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Lookup is a general API for registering and querying instances of services or other objects. There are two basic uses of lookup: a particular context, e.g. a node selection passed to an action; and global default lookup, used to register services in the system.

When writing a unit test that tests code which (directly or indirectly) calls Lookup.getDefault() you should consider what the available instances will be. By default, any classes registered in META-INF/services/* resources in JARs in the test classpath will be available.

If you want to override this, the easiest thing is to use MockServices, from the nbjunit test utilities library. For example, you may want to register a special ProjectFactory for use within one test, because you want a simplified project type you can control to test some features of code which works with projects. Here is how:

protected void setUp() throws Exception {
public static class TestingProjectFactory implements ProjectFactory {
    // implement interface methods...

Now e.g. ProjectManager.getDefault().findProject(...) should give TestingProjectFactory a chance to recognize the project.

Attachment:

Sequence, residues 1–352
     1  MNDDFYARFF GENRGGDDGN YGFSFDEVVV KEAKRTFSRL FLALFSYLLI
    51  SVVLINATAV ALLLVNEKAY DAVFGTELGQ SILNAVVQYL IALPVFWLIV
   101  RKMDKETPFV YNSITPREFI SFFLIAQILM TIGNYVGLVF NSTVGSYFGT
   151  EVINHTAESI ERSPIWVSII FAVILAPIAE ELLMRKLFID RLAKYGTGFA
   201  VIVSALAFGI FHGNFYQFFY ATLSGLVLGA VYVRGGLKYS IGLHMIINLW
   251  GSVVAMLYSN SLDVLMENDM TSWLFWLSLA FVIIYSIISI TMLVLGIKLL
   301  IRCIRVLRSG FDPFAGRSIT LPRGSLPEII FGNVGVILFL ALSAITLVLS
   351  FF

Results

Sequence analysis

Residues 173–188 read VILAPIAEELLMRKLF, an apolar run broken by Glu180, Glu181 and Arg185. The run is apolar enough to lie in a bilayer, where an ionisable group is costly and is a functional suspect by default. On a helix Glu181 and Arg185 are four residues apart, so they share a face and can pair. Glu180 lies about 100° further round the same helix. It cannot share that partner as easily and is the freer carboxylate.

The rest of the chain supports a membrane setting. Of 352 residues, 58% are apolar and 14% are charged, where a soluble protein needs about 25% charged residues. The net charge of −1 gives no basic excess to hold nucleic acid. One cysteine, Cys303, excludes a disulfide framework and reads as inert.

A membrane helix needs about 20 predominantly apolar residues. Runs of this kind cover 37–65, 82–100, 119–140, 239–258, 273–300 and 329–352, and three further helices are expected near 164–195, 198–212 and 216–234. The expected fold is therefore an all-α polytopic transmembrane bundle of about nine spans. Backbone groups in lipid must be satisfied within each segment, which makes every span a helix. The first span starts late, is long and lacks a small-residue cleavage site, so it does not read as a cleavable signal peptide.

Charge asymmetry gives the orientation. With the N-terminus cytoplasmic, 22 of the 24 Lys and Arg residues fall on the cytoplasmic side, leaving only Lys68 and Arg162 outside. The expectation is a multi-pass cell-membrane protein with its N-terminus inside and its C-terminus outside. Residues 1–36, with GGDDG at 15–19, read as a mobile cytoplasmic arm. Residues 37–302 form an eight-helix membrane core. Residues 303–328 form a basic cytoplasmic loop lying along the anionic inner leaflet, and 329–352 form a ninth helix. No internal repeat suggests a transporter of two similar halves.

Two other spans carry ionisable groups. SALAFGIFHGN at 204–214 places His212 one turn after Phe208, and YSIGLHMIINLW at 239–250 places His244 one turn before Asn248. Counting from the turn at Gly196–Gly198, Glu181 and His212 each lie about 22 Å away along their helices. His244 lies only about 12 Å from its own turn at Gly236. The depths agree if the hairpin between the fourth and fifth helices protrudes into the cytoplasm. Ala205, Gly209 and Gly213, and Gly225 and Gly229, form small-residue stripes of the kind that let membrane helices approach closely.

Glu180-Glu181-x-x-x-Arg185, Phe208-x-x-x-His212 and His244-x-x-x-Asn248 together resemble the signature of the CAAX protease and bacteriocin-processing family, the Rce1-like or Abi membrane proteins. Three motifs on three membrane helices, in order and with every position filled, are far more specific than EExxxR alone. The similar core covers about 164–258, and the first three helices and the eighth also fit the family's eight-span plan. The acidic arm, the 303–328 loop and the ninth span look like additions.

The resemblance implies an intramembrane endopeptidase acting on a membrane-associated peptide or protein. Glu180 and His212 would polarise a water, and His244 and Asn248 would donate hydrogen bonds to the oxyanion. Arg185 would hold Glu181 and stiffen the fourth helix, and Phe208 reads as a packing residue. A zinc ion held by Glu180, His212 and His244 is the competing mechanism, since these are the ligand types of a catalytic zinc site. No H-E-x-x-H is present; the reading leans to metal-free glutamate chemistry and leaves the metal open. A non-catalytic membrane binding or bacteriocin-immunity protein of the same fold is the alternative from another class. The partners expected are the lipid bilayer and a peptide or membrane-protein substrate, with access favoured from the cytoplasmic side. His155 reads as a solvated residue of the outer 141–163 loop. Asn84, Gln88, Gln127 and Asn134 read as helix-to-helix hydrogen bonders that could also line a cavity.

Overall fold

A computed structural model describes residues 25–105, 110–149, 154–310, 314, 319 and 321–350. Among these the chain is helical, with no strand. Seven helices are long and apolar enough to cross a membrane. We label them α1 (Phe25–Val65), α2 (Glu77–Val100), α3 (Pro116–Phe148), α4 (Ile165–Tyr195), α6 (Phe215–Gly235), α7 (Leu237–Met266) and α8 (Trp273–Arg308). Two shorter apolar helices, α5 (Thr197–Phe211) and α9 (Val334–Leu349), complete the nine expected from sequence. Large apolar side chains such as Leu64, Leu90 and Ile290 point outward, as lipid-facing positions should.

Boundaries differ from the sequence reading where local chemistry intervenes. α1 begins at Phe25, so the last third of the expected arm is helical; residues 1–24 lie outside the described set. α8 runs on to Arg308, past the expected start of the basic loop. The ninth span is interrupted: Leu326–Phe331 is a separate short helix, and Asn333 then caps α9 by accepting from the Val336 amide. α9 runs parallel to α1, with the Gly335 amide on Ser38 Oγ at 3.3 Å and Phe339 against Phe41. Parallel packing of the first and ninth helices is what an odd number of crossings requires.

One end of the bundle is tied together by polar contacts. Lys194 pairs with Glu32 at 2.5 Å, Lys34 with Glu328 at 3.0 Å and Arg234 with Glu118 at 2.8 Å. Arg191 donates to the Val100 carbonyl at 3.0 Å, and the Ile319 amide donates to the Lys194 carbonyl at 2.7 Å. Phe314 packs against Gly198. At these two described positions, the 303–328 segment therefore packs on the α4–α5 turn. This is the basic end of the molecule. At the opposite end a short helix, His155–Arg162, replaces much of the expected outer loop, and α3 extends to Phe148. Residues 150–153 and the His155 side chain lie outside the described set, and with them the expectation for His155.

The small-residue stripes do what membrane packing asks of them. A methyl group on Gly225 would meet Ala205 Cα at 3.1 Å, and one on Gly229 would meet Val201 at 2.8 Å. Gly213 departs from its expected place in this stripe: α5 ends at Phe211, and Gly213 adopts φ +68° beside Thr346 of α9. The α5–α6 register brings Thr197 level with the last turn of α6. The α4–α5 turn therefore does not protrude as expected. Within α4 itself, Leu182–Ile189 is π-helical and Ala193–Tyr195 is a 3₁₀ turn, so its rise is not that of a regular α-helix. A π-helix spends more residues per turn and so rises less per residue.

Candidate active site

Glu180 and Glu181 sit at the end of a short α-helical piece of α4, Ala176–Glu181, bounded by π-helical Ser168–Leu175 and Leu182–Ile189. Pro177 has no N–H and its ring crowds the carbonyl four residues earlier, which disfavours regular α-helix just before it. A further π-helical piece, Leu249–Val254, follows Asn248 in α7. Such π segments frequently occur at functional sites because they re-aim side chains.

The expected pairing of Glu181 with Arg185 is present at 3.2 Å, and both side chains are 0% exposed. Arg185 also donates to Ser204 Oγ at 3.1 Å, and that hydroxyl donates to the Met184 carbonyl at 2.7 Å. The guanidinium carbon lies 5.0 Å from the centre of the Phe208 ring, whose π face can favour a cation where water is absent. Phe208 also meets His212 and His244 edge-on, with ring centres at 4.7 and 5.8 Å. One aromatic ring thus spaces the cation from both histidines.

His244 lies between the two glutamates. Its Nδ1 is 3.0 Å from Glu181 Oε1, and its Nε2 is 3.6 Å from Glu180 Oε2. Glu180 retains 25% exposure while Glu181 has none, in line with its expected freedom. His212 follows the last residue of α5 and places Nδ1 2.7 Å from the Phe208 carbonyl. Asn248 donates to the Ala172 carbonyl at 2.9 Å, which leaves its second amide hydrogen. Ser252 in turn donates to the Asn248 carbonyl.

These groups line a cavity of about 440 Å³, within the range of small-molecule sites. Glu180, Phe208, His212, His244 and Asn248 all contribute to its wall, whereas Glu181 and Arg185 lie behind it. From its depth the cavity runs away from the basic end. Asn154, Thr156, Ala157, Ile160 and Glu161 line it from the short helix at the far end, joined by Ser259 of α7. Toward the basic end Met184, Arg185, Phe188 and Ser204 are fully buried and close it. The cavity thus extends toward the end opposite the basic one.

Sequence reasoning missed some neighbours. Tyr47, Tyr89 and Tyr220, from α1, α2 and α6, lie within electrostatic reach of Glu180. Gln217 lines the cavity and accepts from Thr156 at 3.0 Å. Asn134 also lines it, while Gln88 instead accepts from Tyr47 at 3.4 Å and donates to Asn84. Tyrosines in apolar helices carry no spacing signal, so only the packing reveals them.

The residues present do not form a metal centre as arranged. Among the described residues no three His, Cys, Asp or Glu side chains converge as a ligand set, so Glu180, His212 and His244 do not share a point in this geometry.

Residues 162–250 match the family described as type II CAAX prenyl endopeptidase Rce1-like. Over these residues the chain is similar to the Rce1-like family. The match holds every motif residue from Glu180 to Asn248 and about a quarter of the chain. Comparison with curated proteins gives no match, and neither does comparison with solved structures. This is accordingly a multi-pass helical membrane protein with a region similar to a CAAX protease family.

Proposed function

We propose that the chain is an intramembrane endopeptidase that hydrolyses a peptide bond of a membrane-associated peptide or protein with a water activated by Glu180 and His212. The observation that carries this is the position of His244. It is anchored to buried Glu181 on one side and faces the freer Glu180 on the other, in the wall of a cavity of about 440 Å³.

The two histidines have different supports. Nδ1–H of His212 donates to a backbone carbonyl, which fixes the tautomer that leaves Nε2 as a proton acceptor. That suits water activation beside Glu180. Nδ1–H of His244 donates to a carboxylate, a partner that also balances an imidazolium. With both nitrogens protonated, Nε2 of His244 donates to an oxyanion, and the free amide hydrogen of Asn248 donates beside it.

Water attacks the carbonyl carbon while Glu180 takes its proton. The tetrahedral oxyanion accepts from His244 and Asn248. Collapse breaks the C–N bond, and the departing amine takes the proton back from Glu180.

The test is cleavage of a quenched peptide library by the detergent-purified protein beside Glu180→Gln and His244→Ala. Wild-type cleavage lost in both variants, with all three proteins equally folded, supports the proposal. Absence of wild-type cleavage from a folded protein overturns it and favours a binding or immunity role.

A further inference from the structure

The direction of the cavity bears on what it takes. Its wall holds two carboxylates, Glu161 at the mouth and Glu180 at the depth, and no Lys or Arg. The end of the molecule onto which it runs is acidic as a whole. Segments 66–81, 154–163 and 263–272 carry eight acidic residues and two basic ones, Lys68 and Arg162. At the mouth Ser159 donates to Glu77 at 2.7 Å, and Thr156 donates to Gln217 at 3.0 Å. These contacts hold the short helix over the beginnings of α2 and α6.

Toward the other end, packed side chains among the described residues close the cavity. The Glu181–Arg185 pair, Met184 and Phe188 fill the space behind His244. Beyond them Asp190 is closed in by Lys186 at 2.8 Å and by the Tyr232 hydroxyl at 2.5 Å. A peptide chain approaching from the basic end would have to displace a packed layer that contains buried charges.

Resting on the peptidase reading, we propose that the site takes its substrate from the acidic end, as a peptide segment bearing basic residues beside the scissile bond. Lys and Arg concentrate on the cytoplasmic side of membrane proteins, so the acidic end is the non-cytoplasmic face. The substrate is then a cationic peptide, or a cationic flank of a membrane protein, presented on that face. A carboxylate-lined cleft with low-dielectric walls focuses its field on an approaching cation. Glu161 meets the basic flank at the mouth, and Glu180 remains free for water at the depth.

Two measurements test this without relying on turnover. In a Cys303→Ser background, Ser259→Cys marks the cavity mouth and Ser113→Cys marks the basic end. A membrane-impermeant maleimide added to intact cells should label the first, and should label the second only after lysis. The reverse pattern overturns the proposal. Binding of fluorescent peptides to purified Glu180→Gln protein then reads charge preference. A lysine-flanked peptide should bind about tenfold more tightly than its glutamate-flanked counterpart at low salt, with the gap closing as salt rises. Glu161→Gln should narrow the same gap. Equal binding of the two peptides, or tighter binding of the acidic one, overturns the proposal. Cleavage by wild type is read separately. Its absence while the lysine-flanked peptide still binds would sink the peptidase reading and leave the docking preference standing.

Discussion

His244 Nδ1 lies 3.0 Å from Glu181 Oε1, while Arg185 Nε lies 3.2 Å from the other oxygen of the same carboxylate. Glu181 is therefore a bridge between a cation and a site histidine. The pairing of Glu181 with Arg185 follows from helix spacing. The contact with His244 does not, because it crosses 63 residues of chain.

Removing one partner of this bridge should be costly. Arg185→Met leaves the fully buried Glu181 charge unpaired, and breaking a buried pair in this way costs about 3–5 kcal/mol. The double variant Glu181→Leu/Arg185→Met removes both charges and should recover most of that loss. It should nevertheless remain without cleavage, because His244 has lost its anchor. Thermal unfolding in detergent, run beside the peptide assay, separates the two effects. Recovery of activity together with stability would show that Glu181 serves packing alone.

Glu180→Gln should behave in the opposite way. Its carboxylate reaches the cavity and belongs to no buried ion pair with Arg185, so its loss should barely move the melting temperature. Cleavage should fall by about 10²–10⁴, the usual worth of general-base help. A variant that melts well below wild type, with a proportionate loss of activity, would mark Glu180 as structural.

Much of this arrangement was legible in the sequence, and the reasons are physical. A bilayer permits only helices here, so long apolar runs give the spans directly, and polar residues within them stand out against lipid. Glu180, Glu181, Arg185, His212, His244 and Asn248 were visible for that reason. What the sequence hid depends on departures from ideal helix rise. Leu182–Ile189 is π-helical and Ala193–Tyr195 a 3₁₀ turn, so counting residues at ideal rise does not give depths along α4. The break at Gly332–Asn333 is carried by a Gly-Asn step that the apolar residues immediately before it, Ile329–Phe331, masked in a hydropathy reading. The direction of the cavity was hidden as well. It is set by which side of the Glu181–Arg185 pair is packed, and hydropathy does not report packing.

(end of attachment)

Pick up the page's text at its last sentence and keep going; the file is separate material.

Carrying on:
Note that TestingProjectFactory will be available in default lookup as the first ProjectFactory instance, but any others registered in META-INF/services/* will still be available "later". (Lookup is ordered.) Many services placed in lookup (e.g. DialogDisplayer) are intended to be singletons, in which case installing an instance using MockServices effectively means you can override the default implementation.

You can also add and remove services while the test runs. Every call to setServices overrides the previous call.

Code which directly looks in META-INF/services/* - for example, calls to java.util.Service, as well as many subsystems such as JAXP - should also see services registered this way.

If you wish to register individual instances to default lookup, without the requirement that they be default instances of public classes, you can also use MockLookup. See UsefulTestClassesInModules.

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